While many tablets can be accused of looking rather similar, the same claim can’t be levelled at the Acer Predator 8. The Android gaming tablet’s distinctive red ‘quad-speakers’ ensure it stands out from the crowd. Whether or not that’s a good thing will be down to personal taste but at least you can’t accuse it of being boring.
Like Acer’s Predator range of gaming PCs and laptops, the Predator 8 has a ‘hyper-aggressive’ design that plays to the stereotypical (but not necessarily the genuine) tastes of gamers. There’s flashes of red contrasting with the predominantly silver and black case and the back has a faux-brushed metal finish. It feels solid and well-constructed in your hands. At 8.7mm thick and 350g it’s reasonably thin and light.
When held in landscape, there are soft grip rubberised pads on either end, designed to give you a firmer hold of the tablet during intense gaming sessions. In reality, these are compromised by the shape of the speakers. These jut out at awkward angles and have sharp, uncomfortable corners meaning there’s a good chance they dig into your hands.
I’m assuming Acer’s plan was for you to hold the tablet with your palms between each vertical pair of speakers, but in practice doing so puts your thumbs above where most games would place onscreen controls such as virtual D-Pads. This means you’re far more likely to hold the tablet lower down, wherein the sharp corners become a problem and you’re less able to actually use the soft grip pads.
This could well depend on the size of your hands and preferred gripping style, but either way there’s really no reason that Acer had to make the corners quite so sharp. It would have been better if the corners were rounded off.
Acer calls those distinctive, red speakers ‘Predator Quadio’ as there are four of them. These detect the orientation of the tablet, meaning you get correct left and right stereo channels regardless of whether the tablet is held in portrait or landscape, which is great. This also affects the volume rocker controls so they match the orientation so things don’t get confusing.
The front-facing speakers are some of the loudest I’ve heard from a tablet and there is genuine, pleasing stereo separation. There’s virtual surround from Dolby but the effect isn’t particularly prominent. You can hear a slight pause in the audio when you change the tablet’s orientation as it adapts the speaker configuration to match. The pause is no longer than it takes for Android’s screen rotation animation to complete so it doesn’t feel too jarring.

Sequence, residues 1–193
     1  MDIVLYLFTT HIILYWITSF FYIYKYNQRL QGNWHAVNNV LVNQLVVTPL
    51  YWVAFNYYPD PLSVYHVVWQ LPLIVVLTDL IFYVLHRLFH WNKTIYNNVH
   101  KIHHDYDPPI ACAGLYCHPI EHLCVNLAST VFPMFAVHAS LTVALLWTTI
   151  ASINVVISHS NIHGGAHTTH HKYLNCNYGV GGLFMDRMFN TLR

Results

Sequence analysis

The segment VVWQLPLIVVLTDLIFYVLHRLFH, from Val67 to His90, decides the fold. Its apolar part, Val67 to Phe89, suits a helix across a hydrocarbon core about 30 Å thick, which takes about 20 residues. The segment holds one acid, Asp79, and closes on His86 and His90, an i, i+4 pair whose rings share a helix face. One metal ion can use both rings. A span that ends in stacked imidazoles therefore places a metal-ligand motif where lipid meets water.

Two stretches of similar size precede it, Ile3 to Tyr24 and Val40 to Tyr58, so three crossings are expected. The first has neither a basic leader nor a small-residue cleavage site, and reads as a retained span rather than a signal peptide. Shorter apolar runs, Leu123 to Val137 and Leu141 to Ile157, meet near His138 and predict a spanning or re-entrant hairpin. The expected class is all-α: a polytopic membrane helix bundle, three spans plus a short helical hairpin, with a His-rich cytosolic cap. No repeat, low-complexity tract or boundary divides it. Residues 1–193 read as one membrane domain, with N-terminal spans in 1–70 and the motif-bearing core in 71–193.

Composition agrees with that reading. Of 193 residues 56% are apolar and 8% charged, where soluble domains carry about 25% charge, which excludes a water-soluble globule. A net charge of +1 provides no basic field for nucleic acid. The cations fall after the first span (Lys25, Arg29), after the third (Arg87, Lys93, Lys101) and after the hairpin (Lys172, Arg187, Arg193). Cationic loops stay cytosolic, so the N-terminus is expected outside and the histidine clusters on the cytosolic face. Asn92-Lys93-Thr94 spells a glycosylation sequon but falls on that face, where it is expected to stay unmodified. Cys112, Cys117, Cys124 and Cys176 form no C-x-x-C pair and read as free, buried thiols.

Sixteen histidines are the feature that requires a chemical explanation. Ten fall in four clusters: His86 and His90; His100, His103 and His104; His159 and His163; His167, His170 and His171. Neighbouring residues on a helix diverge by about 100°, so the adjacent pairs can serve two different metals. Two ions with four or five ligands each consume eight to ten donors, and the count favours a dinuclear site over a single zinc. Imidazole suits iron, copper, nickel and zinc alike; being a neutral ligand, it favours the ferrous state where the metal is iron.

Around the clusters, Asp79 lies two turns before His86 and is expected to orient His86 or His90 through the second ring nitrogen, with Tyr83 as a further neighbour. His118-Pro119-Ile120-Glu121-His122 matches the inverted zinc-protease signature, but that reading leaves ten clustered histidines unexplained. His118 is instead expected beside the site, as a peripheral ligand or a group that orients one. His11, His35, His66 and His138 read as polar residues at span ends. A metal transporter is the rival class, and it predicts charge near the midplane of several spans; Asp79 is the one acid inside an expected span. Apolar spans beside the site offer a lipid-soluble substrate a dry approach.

There’s very little in the way of any bass presence when using the Standard sound profile, but the mids and trebles are surprisingly crisp. It meant the tablet was great for watching televisions shows and films in terms of being able to hear dialogue without the need for headphones. Using the Acer MediaMaster app, you can change the audio to Rich or Focussed. Set to the latter there’s a considerably warmer sound, which was my preferred mode.
Aside from the sharpness of the edge of the speakers, I had another complaint when it came to their design. The speaker grilles have tiny perforations and these have a habit of collecting dust that becomes trapped and difficult to clean.
The Predator 8’s 8in display is particularly lovely. It has a 1,920×1,200 display that’s particularly vibrant and bright. It has 100% coverage of the sRGB colour gamut, making for wonderfully accurate colours and its peak brightness of 411.1cd/m2 makes it consummately easy to use even in bright outdoor lighting.
Black levels of 0.43cd/m2 and a contrast ratio of 949:1 aren’t great and under close scrutiny the blacks aren’t as deep as I would like but they be partially excused for such excellent brightness and colour vibrancy. Colours really do pop off the screen. While it’s not a super high-resolution panel for its size, text and images still look decently crisp and sharp. There’s no air gap between the glass and the touch panel and the backlight was nice and even with good viewing angles to boot.
If you find the colours aren’t to your taste there are a number of different profiles available in the MediaMaster app where you can adjust saturation and colour temperature.
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